Some go through life without discovering what drives them, the finesse in embracing failures, and joy of following their impulses — a life outside of comfort.

I suspect it’s difficult to live in spontaneity. It’s easier to go through life never jumping off the cliff of a stable job and into the unknown. Never travelling to France and falling in love with the French language to the extent that you’re rawly passionate under white sheets. Never knowing what it’s like to end a meeting call midway and go wholeheartedly to the faithful waves of the ocean. But what kind of life would that be?


In the end, is the point of life to be a ranked rat?

I founded a speech & debate club in my school, led the largest fundraising campaign for slavery, and even got recognised by Harvard to attend a conference in Japan.

  • The same sense of hopelessness entered whichever room I went, not because of human biases that encroached the planet but rather because of my demise.


all in the name for becoming a lawyer with pride and conviction but the real prize was when I scored an internship at Ogier, a leading offshore law firm.

Since then, sifting through life became a bit blurry.

In his novel “Man’s Search for Meaning,” Victor Frankl writes “

I spent a lot of time thinking about the meaning of life and my purpose, and no matter how long i thought about it, I never reached a satisfying answer

“You’re unhappy — so unhappy that you’ve lost perspective on your career, your reputation, your holy schedule.”

This was true.”

is absolutely sensational and stirred a hint of defiance in me.

Harvey shows up at Mike’s apartment in a tuxedo and unceremoniously issues an order to don appropriate attire

  • I pondered, what do we do if all our abilities are stripped from us? If our hobbies, favourites and economic activity are part of our identities, what will we become then?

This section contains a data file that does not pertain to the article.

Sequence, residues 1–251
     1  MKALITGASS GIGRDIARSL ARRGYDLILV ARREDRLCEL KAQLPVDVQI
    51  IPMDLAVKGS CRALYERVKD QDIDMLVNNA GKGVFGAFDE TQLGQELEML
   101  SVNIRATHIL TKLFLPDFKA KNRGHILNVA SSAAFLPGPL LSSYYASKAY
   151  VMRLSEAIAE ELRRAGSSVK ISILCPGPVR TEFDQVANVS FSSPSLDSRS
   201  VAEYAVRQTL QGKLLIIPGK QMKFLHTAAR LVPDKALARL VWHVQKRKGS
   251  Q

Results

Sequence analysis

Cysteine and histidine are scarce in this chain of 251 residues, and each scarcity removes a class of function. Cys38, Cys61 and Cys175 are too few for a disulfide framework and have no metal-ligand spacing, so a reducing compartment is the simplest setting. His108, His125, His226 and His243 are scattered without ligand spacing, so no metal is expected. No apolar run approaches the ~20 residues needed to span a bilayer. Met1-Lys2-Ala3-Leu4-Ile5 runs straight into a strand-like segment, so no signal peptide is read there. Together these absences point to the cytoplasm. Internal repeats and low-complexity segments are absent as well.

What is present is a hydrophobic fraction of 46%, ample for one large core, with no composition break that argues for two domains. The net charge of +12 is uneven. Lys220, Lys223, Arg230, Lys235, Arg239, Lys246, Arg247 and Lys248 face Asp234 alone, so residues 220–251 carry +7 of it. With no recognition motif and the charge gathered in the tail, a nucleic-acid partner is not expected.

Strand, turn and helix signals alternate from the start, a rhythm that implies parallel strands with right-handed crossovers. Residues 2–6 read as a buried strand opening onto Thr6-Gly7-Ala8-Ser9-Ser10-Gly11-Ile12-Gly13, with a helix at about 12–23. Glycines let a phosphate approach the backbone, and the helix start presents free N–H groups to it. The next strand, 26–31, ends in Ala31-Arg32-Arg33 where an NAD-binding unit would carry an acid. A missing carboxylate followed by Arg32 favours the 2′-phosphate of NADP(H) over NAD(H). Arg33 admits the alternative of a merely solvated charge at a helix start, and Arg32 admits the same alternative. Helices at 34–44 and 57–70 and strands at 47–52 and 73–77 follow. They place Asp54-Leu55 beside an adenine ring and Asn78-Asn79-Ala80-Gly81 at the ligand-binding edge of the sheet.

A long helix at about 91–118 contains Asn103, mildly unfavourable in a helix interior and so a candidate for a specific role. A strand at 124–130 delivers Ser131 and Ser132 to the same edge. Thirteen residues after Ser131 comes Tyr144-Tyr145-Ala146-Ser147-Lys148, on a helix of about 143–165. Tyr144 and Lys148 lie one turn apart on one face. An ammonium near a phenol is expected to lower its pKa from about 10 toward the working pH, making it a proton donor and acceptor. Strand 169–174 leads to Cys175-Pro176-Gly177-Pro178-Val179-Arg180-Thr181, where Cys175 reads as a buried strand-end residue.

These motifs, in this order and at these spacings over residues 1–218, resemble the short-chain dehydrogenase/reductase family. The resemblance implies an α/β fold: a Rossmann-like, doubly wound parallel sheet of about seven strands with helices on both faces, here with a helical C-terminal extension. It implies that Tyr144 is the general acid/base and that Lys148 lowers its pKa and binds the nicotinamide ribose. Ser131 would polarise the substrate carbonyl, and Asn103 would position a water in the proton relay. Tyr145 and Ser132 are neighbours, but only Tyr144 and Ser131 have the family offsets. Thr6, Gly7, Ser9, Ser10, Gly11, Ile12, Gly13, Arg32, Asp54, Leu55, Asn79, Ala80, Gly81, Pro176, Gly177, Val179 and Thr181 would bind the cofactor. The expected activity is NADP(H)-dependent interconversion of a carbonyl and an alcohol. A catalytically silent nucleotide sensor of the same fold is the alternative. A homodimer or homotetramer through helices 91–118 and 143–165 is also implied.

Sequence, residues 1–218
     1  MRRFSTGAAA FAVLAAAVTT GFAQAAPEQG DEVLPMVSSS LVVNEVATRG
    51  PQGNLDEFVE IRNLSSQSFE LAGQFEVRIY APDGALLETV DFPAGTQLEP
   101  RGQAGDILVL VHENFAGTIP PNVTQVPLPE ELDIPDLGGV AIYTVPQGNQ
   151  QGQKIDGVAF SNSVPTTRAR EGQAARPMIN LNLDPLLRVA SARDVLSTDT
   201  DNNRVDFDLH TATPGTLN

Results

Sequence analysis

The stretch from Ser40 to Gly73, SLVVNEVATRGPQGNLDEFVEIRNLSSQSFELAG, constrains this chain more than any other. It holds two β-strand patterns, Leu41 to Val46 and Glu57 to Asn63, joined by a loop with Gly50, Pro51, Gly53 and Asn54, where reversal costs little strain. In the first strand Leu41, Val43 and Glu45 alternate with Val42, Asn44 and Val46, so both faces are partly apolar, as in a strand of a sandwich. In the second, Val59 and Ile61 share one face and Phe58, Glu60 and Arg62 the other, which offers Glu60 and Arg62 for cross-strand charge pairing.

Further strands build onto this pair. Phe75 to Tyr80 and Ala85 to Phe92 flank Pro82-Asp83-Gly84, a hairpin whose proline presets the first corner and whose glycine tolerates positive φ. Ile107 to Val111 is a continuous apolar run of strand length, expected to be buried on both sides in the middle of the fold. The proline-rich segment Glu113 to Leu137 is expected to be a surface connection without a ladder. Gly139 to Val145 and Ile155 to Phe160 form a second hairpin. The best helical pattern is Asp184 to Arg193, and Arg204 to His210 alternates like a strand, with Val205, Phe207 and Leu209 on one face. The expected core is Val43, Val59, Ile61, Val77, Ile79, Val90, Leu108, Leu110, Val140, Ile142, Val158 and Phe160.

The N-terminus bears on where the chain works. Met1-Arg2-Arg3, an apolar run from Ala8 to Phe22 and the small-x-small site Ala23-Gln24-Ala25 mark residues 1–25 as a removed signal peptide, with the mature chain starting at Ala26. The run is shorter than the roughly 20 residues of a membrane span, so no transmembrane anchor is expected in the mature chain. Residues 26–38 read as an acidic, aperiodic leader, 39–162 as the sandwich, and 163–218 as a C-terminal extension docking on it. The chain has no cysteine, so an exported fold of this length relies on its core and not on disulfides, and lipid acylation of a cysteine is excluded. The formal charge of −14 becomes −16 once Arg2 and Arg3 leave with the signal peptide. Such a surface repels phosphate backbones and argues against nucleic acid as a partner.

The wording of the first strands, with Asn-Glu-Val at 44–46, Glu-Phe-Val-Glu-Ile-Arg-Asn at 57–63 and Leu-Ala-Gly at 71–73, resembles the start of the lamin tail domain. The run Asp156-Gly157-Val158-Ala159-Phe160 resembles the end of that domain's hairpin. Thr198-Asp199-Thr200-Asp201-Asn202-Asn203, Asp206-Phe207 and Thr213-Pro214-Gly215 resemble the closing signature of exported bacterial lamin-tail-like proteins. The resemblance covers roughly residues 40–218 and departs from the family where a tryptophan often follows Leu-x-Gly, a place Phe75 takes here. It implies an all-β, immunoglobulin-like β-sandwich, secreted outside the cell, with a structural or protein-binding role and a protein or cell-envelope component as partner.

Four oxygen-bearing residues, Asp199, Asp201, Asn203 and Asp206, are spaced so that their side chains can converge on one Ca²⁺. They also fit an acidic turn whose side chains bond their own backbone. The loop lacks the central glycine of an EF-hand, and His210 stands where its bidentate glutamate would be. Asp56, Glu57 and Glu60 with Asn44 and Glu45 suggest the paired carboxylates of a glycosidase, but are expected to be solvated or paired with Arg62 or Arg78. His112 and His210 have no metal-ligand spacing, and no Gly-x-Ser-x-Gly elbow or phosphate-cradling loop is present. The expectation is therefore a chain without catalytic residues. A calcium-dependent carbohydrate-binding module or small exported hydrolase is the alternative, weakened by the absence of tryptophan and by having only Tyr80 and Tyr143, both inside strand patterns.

I was finishing up a thirty five kilometre hike, sprinting past the tree branches as the two thousand metre climb behind me fades farther with my legs stepping one in front of the other seamlessly in a steady rhythm.

I realised I was darting past through the hikers — trying my best to exchange Good mornings and cheers — and it made me feel really good. I wanted to reach the bottom quicker since I looked forward to an ice cold coke and finally some rest. I continued faster, counting my footsteps, “one” “two” “three” then “SHIT!” I stepped on an uneven rock, my ridden ankle snapped and I land on the floor.

My feet were placing itself one in front of the other in a rhythm, my skin was boiling, and my lungs

When I was younger, I watched thrilling criminal investigations and court procedurals. To see an attorney in a pristine suit show up unceremoniously to slam a class action lawsuit

When an underprivileged coloured man’ s tragic role in a case was to just be at the crime scene pleads for innocence against the first degree murder conviction while his no good public lawyer stands idle stirs a sense of hopelessness. Then and there, I decided I wanted to be a lawyer. My eight year old self eyed the moving pixels with sensation.

I was finishing up a thirty five kilometres hike, sprinting past the towering tree branches as the two thousand metre climb behind me fades farther. My legs places itself one in front of the other rhythmically, my skin

My legs placed itself one in front of the other in a consistent motion, my skin was boiling, like it entrapped the heatwaves of the whole Sun, and my lungs were gasping for air

The daily banter with colleagues, dissing about the sheer amount of tasks our bosses ought us to do or sneaking in chess crackers from the pantry made the internship worthwhile.